Training with the NTC: Fast Forward to 2009

Training seems to be on the minds of many security industry leaders as we look to the year ahead. The National Training Center (NTC) has already lined up their National Training Conference in February 2009 as a debut for their new venture into...


Training seems to be on the minds of many security industry leaders as we look to the year ahead. The National Training Center (NTC) has already lined up their National Training Conference in February 2009 as a debut for their new venture into business development. The event will include industry experts speaking on business development, video security and access control applications and NICET certification. This month we went to Charles Aulner, CEO of NTC, Las Vegas, to find out why many in the industry are referring to this gathering as the “Training Event of the Year.”

Kosk: What made NTC decide to offer business development training?
Aulner: It is NTC’s commitment to the industry to provide the very best in training, and while we are a leading training provider in the low voltage industry we continuously explore different ways that we can improve our offerings. All of us involved in this conference are devoted to giving the industry what they need to succeed. Whether you own or manage a business, the Business Development track will be the most important training you will attend in your career.

Kosk: What was NTC’s goal in offering the IP technology track at the 2009 conference?
Aulner: The IP Technology track is different than any other training course available today. This course is designed to provide the “how” in IP technology. How do we in the low voltage industry design and install IP based video and access control systems? The one area we have found which lacks understanding, is the appli cation of traditional security concepts and systems to a network-based infrastructure environment. This is the question which must be answered to transition into the world of network- and IP-based security.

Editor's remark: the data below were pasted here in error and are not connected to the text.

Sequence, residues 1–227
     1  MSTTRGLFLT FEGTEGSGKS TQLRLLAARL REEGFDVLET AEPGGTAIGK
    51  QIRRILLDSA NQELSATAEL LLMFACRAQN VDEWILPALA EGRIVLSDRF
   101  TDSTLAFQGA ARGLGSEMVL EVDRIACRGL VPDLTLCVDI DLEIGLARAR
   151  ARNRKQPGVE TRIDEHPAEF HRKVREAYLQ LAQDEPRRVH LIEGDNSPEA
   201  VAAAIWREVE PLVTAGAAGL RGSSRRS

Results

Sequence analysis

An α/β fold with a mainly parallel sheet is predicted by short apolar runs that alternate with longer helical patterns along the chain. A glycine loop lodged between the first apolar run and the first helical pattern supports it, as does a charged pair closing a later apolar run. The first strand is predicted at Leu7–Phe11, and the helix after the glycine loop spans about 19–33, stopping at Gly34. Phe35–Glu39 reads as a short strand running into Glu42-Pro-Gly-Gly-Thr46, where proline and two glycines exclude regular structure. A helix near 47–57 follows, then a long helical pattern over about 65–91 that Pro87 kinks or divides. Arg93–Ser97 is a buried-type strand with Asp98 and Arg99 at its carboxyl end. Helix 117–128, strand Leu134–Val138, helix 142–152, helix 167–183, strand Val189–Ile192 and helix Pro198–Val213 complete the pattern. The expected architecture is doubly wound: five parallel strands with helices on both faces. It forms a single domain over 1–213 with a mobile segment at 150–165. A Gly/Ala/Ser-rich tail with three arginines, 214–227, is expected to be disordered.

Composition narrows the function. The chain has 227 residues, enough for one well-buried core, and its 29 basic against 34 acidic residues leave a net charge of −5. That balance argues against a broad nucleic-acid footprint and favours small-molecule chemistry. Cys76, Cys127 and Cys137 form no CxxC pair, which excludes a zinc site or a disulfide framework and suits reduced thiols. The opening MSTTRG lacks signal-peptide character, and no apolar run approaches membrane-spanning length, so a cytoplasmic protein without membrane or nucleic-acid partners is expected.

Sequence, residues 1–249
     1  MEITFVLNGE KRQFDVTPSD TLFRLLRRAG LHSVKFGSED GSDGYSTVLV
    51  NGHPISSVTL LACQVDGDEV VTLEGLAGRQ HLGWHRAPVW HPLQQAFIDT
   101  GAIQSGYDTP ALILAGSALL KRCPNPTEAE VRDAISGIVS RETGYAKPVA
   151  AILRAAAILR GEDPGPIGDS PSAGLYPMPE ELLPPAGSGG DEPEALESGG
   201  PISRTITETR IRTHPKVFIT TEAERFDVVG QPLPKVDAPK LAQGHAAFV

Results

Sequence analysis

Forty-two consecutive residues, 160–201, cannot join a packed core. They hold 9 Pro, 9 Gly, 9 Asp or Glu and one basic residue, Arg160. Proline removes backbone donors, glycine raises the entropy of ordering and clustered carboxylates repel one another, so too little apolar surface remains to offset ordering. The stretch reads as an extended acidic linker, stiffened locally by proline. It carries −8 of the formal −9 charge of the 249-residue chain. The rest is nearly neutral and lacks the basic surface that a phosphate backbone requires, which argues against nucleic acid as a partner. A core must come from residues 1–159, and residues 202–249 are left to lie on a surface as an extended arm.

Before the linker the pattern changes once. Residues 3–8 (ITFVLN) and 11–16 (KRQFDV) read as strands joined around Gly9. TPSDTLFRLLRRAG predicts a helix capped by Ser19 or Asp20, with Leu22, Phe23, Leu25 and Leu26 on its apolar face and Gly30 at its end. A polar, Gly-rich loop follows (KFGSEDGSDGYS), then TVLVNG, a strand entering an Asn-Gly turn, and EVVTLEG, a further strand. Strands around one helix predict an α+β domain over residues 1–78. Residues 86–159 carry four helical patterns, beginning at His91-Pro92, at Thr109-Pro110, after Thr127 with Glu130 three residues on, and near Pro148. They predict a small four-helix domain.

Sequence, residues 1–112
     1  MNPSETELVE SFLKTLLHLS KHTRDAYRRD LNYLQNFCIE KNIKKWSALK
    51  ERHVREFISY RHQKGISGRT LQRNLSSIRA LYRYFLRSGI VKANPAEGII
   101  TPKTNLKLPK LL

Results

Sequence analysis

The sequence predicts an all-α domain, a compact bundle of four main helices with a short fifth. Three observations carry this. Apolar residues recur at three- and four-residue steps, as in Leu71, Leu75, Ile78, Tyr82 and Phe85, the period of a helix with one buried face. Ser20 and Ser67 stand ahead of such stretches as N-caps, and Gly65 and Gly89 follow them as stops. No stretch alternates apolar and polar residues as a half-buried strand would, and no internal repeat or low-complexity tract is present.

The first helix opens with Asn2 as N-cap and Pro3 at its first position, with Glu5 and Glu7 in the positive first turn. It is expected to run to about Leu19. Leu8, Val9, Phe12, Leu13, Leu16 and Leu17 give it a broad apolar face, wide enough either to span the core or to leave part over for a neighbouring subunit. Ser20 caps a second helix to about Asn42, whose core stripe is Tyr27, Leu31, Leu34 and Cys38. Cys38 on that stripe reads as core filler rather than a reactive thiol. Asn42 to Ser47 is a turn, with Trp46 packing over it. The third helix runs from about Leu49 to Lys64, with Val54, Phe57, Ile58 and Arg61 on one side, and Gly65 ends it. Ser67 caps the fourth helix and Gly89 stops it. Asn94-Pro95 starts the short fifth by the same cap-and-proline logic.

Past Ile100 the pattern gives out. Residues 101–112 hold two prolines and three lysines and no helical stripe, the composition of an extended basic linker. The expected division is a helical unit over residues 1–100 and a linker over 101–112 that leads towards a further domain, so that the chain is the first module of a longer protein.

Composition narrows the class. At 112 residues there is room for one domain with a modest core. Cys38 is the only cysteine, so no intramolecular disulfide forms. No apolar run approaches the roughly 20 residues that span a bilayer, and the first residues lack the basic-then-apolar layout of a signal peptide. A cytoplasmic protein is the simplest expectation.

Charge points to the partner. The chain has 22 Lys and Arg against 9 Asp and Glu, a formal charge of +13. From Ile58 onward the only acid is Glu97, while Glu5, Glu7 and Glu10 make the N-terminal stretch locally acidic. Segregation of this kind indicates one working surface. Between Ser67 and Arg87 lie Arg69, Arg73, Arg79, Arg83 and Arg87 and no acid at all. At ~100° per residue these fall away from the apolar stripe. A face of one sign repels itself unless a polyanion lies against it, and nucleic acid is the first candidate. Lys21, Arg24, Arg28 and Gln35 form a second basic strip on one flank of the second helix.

Kosk:
Should we expect to see any developing trends in regards to training in the security industry?
Aulner: One of the most significant trends is certification. As technology becomes more advanced, certification becomes more of an issue. We have seen it with the fire alarm segment of the low voltage industry, enter NICET. Another trend in training is the move to alternative delivery methods. This includes computer and Web-based training. Our industry has been slow to move into this training arena. The economy, along with lost time on the job and travel expense has business owners looking for a lower cost alternative.  Computer and Web-based training can provide that alternative.

Kosk:
Who can we expect to see at the NTC Training Event in February?
Aulner: The lineup for this track is filled with experts you need to hear from. E Myth Worldwide will provide hard-hitting business instruction. They have more than 20 years experience teaching contractors how to work ON the business not IN the business. Sandra Jones & Co. (market research firm) will provide instruction on Business Valuation. Industry attorney and icon Les Gold will help owners and managers get the real scoop on what their business is worth.